GPD has been selling mini-laptops and handheld computer for the past five years or so. Some models are focused on gaming like the GPD Win line of devices including the GPD Win 2, GPD Win 3, and GPD Win Max. Others are focused on IT work, like the GPD microPC and GPD Pocket 3.

The GPD P2 Max series stands out as more of a general purpose laptop computer that just happens to have a very small screen. The keyboard is large enough for touch-typing, although some keys have been shifted to unusual positions in order to fit on the small case. There’s a webcam (that’s awkwardly placed below the screen instead of above it). And there’s a touchpad below the keyboard instead of a smaller pointing stick or optical touch sensor.

While the P2 Max isn’t a pocket-sized computer like some other GPD devices, the it’s still smaller than most laptops, and at just 1.4 pounds, it won’t weigh down your bag, making it an interesting option for a grab-and-go computer.

This article was originally published December 27, 2021 and most recently updated March 30, 2022.

Support Liliputing

Liliputing's primary sources of revenue are advertising and affiliate links (if you click the "Shop" button at the top of the page and buy something on Amazon, for example, we'll get a small commission).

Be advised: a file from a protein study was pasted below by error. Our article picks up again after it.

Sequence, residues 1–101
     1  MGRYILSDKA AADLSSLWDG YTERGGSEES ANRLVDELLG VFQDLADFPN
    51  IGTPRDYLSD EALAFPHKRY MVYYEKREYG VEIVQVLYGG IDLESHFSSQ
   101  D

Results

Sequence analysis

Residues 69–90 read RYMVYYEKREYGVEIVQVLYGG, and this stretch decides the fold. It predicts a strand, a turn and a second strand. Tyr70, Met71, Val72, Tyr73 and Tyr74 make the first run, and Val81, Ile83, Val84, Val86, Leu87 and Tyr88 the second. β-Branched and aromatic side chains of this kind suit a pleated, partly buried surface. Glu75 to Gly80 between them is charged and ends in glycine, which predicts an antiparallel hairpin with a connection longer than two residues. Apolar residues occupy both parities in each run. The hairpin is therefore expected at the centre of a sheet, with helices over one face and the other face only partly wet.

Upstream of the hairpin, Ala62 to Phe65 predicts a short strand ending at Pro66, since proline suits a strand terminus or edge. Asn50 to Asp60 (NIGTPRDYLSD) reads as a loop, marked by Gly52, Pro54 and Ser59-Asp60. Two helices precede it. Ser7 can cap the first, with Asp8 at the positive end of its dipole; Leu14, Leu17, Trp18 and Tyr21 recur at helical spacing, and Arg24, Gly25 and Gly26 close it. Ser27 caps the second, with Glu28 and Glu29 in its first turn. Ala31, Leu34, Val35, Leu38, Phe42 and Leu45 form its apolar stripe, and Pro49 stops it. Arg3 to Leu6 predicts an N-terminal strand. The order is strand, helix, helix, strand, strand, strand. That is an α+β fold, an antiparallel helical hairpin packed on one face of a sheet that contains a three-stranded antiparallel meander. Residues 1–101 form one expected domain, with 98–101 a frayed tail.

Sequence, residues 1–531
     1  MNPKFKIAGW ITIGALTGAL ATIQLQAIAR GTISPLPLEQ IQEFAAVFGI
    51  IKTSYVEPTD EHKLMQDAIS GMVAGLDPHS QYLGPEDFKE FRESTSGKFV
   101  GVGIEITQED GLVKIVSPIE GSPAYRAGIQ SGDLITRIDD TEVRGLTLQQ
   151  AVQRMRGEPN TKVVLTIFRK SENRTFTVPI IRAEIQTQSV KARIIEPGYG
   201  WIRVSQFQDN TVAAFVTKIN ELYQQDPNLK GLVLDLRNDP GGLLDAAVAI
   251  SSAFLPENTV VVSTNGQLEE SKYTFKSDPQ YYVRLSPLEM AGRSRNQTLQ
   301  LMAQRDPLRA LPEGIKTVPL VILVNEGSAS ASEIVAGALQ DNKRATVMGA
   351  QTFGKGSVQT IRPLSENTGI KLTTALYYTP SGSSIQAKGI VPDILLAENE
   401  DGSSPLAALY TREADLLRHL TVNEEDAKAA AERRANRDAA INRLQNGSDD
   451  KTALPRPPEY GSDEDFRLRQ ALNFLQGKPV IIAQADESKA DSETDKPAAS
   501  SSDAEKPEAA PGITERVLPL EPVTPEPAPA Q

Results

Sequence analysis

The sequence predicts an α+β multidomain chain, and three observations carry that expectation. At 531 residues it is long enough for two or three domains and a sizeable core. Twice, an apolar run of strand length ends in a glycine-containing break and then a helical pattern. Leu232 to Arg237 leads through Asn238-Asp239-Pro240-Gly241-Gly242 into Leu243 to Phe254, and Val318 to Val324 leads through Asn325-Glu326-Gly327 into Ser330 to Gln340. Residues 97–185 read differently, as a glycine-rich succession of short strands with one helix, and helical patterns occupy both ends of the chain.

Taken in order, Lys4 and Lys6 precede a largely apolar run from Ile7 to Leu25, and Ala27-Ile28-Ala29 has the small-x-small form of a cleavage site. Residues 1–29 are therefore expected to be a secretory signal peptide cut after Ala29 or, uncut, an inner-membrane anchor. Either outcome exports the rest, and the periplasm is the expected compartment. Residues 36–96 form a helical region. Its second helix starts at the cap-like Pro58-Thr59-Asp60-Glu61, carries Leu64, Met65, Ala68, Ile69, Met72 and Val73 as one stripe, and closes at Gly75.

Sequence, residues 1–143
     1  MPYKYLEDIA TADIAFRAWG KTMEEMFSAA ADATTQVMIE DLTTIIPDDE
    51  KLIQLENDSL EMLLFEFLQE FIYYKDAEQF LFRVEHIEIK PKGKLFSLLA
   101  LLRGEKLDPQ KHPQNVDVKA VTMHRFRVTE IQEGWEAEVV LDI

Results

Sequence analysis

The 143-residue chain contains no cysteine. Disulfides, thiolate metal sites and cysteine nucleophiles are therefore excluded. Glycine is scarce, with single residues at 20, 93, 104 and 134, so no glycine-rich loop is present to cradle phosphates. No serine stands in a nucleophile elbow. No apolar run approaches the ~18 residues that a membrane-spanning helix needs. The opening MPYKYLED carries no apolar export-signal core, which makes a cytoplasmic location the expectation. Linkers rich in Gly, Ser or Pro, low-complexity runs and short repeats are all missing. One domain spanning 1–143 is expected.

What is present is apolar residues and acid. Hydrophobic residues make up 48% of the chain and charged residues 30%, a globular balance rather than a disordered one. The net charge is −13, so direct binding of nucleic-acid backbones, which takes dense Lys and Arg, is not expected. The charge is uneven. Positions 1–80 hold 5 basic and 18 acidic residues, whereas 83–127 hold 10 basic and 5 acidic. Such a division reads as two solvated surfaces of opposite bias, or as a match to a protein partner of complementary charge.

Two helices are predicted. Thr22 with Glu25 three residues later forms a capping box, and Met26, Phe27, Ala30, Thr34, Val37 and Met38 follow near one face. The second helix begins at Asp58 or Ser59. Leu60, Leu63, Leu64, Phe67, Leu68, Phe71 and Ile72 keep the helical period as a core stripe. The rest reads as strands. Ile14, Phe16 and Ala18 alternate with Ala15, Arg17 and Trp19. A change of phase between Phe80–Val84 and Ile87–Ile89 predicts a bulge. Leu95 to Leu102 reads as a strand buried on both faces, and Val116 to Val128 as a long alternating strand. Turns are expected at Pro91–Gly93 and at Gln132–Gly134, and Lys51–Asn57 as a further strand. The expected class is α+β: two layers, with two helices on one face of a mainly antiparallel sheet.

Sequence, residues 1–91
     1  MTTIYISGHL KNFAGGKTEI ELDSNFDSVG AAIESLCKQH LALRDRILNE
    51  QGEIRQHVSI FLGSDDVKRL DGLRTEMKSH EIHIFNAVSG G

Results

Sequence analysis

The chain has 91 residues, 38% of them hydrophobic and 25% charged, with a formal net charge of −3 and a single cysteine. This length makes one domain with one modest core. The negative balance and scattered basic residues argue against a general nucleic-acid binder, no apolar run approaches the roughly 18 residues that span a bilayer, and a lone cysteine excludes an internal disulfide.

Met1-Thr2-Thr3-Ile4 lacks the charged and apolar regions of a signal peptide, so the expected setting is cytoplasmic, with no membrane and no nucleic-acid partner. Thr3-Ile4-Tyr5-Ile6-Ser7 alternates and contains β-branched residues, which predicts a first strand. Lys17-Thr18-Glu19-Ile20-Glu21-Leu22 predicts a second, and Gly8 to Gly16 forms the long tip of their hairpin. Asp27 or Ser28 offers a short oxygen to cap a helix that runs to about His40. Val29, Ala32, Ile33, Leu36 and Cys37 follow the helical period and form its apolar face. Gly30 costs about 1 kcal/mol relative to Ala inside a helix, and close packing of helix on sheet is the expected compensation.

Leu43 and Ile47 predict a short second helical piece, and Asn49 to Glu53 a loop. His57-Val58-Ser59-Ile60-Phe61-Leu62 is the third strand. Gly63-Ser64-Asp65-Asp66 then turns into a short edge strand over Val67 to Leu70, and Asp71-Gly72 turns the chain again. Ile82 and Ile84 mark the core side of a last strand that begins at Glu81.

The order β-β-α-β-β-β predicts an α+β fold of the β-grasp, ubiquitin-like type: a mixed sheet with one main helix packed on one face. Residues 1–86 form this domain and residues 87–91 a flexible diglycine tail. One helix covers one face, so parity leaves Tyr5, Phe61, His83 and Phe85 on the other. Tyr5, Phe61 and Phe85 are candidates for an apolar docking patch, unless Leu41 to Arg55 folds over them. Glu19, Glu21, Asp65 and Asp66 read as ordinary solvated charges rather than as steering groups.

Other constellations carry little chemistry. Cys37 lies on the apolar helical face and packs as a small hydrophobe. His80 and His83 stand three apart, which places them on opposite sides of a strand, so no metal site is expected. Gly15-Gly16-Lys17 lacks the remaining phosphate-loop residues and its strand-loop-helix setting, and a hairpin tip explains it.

But there are several ways you can support the site directly even if you're using an ad blocker* and hate online shopping.

Contribute to our Patreon campaign

or...

Contribute via PayPal

* If you are using an ad blocker like uBlock Origin and seeing a pop-up message at the bottom of the screen, we have a guide that may help you disable it.

Join the Conversation

21 Comments

Your email address will not be published. Required fields are marked *

This site uses Akismet to reduce spam. Learn how your comment data is processed.

  1. I own the previous generation GPD P2 Max. Do you have an idea how much longer this battery lasts?
    In addition from moving from the 14nm Core i3 8100Y to the 10nm Pentium Silver N6000, GPD says in the website this new model has an upgraded, liquid based, cooling solution.

  2. I’m a fan of both SFF & very-low-TDP computing. I recently picked up an MSI Cubi N JSL-005US, which also uses the Pentium Silver N6000 (4.8W-6W). Increased the RAM, swapped out the NVMe (keeping the Win11), and loaded Zorin 16 Core. It’s making for a very quiet bedside desktop. The Pentium Silver N6000 is more than adequate for the computing needs of The Masses (Average CPU PassMark 3176).

  3. still sony vaio packet working time is bigest
    and better keyboard and better screen format.

  4. wow, in this version producent add altGr 😉
    this version is usefull for me (but not easu using without F11, PgUp etc. But is progress!

  5. The N6000 is certainly an unimpressive replacement for the m3-8100Y — over two years newer, but almost a third lower single-thread performance and an extra watt! Passmark says the m3-8100Y costs $281 and doesn’t show a price for the N6000 — I presume it’s much cheaper.